As lockdown begins to ease and many people may soon be heading back to the office, Caroline Spencer, Natural Canine Behaviourist at leading pet wellness brand Bella & Duke shares her tips on helping dogs adjust to a change in routine.
It’s important to remember that it’s completely natural for many dogs to struggle with change. Luckily, there are some simple steps pet owners can follow in order to help make transition periods as stress-free and comfortable as possible for both the dog and the owner.
Specifically, there are many ways to help lessen separation anxiety that dog owners will need to consider if they’ve been working from home during the pandemic and are looking to return to the office in the coming months. Needless to say – it’s important that dogs are not left by themselves for longer than 4 hours a day on a regular basis, so take this into consideration if you have only taken on a new dog since the pandemic began, in case you need to arrange day care.
The last thing any owner wants is their dog feeling distressed through being left alone for any period of time – which can lead to destructive or attention-seeking behaviour including chewing of furniture and items around the house, or barking, whining or howling.
I’d advise following these 5 simple tips when starting to leave your dog home alone for any period of time. Especially if they’ve been used to having you close by for the majority of the day over the past year. Read on to find out how to change your dogs routine:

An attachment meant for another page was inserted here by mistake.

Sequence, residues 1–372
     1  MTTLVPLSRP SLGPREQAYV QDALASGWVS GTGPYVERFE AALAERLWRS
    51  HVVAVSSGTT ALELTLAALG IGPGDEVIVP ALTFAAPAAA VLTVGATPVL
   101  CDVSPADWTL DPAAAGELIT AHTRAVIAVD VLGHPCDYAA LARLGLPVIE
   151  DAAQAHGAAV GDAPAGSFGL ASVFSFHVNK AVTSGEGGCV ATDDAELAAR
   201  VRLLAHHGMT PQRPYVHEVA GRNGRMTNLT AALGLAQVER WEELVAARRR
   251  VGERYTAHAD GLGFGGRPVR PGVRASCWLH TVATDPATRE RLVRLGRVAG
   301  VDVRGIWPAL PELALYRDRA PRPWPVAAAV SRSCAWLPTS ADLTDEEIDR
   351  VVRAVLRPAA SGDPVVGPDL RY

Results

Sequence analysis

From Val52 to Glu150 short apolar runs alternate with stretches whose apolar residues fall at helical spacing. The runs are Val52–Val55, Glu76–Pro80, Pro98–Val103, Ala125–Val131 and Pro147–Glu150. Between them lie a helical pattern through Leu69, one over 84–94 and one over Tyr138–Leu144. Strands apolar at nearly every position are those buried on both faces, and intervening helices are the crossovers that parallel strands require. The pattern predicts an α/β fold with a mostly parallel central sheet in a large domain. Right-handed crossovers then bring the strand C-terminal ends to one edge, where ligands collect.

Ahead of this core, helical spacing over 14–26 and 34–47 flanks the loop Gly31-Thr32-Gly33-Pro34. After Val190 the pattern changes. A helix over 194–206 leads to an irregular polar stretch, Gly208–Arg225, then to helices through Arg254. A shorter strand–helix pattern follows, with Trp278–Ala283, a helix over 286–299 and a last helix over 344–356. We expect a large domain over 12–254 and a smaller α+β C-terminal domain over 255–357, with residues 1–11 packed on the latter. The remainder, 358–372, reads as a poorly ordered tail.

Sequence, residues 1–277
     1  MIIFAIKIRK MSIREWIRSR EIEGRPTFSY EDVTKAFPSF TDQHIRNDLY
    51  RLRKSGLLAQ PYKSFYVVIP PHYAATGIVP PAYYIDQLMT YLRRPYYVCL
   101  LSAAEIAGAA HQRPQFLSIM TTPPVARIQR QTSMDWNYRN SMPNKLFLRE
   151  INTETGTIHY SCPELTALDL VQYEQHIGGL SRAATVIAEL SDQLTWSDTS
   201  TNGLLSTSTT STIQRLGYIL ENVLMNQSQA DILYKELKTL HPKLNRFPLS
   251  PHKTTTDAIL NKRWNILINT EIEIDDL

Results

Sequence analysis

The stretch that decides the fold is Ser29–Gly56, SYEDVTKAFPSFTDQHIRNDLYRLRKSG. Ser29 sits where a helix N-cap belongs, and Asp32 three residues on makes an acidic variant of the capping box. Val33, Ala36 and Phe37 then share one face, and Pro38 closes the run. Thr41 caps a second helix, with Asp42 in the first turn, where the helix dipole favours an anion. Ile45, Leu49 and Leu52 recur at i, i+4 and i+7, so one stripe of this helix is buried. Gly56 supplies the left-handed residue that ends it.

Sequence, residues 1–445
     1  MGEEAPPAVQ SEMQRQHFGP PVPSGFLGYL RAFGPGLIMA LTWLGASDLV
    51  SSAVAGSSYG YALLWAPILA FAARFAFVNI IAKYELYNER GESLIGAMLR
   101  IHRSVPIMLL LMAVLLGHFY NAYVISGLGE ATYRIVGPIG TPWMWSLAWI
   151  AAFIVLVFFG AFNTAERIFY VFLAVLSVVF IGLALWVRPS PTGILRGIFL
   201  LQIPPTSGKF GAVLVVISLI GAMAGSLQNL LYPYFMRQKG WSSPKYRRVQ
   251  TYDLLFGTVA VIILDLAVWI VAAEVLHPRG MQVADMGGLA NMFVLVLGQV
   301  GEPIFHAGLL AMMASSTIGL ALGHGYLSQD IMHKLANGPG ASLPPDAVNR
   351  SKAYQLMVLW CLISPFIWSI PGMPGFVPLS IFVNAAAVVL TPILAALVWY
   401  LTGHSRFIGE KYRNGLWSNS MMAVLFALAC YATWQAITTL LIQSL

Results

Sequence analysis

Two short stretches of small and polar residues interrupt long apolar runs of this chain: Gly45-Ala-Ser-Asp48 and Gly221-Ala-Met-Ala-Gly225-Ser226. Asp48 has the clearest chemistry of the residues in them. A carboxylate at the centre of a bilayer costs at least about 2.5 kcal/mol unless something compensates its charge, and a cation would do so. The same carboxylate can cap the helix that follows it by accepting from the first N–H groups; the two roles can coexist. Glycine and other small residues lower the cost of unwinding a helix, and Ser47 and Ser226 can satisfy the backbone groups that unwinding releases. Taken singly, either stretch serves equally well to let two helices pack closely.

1. Avoid Making A Fuss
The more anxious you are about leaving your dog, the more worried they are when you leave – so although it may seem unnatural, owners should try to avoid making a huge fuss of their dog when they leave and return home. Why not pop in and out regularly of the room they are left in and take no notice of your dog as you do this. If you spend some time going back and forth a little they may not even notice when you actually leave the house! Try and change up your routine when preparing to leave the house so there is no obvious trigger that they can latch on to that causes them to feel anxious.
2. Have The Radio On Low Even When You Are In
Playing soft music or background noise is often really comforting for a dog when they are left alone. However, you don’t want them to associate you turning on the radio when you leave the house; so why not just have the radio playing on a regular basis over the course of the week at varying times, even if you’re in the other room.
3. Increase The Time You Are Out Of Their Room
If you’ve been working from home with your dog in the same room, try to gradually increase the time you’re in different areas of the house over a period of a few weeks. Rather than a sudden and drastic change for your dog, this will help them transition slowly. Even if that means working from the bedroom, garden or balcony for a couple of hours each day – your dog can adjust to spending some time without you.
4. Avoid Eye Contact
In the run up to the time you must leave the house, you should do your best to avoid eye contact with your dog – this helps them relax. If you look at your dog all the time whilst moving around the house doing what you need to do, this will make your dog feel like you need them and want to engage with them – removing any opportunity for them to fully relax.
5. Try Calm & Balmy!
Bella & Duke have a wonderful natural herbal calming spray for dogs called Calm & Balmy which can be helpful when stressful situations can’t be avoided. I recommend dog owners spray this onto bedding or around the dog’s general area to help with any separation anxiety they may be experiencing. A simple but effective remedy to have in your tool belt!